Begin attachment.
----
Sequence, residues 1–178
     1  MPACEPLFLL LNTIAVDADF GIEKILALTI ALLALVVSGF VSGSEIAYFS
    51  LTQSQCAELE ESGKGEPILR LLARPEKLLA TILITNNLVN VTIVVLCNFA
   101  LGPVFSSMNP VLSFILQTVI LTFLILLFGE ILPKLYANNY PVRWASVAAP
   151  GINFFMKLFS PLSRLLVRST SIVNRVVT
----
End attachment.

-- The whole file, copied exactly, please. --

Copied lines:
Sequence, residues 1–178
     1  MPACEPLFLL LNTIAVDADF GIEKILALTI ALLALVVSGF VSGSEIAYFS
    51  LTQSQCAELE ESGKGEPILR LLARPEKLLA TILITNNLVN VTIVVLCNFA
   101  LGPVFSSMNP VLSFILQTVI LTFLILLFGE ILPKLYANNY PVRWASVAAP
   151  GINFFMKLFS PLSRLLVRST SIVNRVVT